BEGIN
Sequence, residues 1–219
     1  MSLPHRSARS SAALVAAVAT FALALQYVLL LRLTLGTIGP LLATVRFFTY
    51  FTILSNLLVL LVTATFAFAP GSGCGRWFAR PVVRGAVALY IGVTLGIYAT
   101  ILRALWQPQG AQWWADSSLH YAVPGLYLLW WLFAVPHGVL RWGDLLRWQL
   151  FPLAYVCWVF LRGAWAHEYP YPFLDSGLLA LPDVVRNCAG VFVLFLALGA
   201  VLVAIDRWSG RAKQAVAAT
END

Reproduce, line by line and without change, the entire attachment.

Sequence, residues 1–219
     1  MSLPHRSARS SAALVAAVAT FALALQYVLL LRLTLGTIGP LLATVRFFTY
    51  FTILSNLLVL LVTATFAFAP GSGCGRWFAR PVVRGAVALY IGVTLGIYAT
   101  ILRALWQPQG AQWWADSSLH YAVPGLYLLW WLFAVPHGVL RWGDLLRWQL
   151  FPLAYVCWVF LRGAWAHEYP YPFLDSGLLA LPDVVRNCAG VFVLFLALGA
   201  VLVAIDRWSG RAKQAVAAT